He did, but he apparently paid attention.
Russian GRU defector Stanislav Lunev said in his autobiography that "the GRU and the KGB helped to fund just about every antiwar movement and organization in America and abroad," and that during the Vietnam War the USSR gave $1 billion to American anti-war movements, more than it gave to the VietCong. Lunev described this as a "hugely successful campaign and well worth the cost". According to Time magazine, a US State Department official estimated that the KGB may have spent $600 million on the peace offensive up to 1983, channeling funds through national Communist parties or the World Peace Council "to a host of new antiwar organizations that would, in many cases, reject the financial help if they knew the source." Richard Felix Staar in his book Foreign Policies of the Soviet Union says that non-communist peace movements without overt ties to the USSR were "virtually controlled" by it. Lord Chalfont claimed that the Soviet Union was giving the European peace movement £100 million a year. The Federation of Conservative Students (FCS) alleged Soviet funding of CND.
In 1985 Time magazine noted "the suspicions of some Western scientists that the nuclear winter hypothesis was promoted by Moscow to give antinuclear groups in the U.S. and Europe some fresh ammunition against America's arms buildup." Sergei Tretyakov claimed that the data behind the nuclear winter scenario was faked by the KGB and spread in the west as part of a campaign against Pershing missiles. He said that the first peer-reviewed paper in the development of the nuclear winter hypothesis, "Twilight at Noon" by Paul Crutzen and John Birks (1982), was published as a result of this KGB influence.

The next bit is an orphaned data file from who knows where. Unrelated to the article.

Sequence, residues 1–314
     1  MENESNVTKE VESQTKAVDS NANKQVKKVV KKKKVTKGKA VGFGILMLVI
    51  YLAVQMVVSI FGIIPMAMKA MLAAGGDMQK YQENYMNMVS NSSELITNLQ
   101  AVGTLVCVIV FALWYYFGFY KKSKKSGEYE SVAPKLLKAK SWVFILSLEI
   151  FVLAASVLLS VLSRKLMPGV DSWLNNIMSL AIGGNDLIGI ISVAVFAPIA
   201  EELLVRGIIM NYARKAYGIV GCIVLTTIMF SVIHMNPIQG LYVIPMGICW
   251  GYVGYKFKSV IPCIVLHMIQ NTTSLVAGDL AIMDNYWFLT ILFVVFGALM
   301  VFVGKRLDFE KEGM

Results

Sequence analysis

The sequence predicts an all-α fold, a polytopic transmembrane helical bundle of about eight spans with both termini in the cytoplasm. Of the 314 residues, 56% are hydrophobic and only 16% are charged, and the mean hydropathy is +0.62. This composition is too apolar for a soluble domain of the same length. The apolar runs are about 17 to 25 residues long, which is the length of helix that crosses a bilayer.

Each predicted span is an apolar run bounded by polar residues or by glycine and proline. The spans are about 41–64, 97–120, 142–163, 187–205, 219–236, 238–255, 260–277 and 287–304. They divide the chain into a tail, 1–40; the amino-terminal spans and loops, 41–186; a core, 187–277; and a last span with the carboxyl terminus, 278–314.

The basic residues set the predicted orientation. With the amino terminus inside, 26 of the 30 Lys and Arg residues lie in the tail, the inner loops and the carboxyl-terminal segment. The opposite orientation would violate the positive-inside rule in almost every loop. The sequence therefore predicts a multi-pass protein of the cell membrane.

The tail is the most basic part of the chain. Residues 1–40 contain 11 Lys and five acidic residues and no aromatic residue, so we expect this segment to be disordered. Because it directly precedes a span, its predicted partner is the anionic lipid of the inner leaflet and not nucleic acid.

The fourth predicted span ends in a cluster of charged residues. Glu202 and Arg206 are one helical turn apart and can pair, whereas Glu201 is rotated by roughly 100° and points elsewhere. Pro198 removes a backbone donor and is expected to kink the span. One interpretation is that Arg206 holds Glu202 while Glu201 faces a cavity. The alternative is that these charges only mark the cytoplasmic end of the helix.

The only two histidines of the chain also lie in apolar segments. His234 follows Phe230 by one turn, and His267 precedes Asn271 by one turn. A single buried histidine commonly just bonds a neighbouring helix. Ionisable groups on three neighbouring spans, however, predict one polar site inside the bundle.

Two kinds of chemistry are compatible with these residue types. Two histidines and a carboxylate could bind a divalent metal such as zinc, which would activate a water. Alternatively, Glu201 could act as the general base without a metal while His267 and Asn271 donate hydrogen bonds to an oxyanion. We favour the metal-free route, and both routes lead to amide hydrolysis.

I hope very much that not just Russia’s historical memory but that all of humanity will prompt us to search for peaceful solutions to the various conflicts that are currently unfolding and that will arise in the future. We support political dialogue and the search for compromise.
That would be a lot more meaningful if Putin didn't have 100 tanks fighting in Ukraine.
Do you have any thoughts as to how many of the questions Putin got were plants orchestrated to deliver a message?
Link to Original Source
Contradict? Not so much. The atheist believes there is no god, the atheist clubs support its members and try to spread that belief.
“Atheism is indeed the most daring of all dogmas . . . for it is the assertion of a universal negative.” - G. K. Chesterton
This lack of belief can not create extremism.
The problem you face is that extremism has a long and fairly well known history among atheist regimes.
And who are the "anti-theists" if not atheists?
If you are asked the question, "Do you believe in god," there are basically three answers: yes, no, I don't know. Those answers map to: theist, atheist, and agnostic.
Perhaps to try to defend science from the militant Christian nuts
No, that isn't it. The common thread there is atheism, not "defending science." Besides, there are already science clubs in many schools. Why do something redundant? It's about atheism, supporting and spreading the atheist belief
No. We get it
Actually no, you don't. You've just demonstrated that yet again.
I hate to burst your bubble but your "fan base" is hardly universal.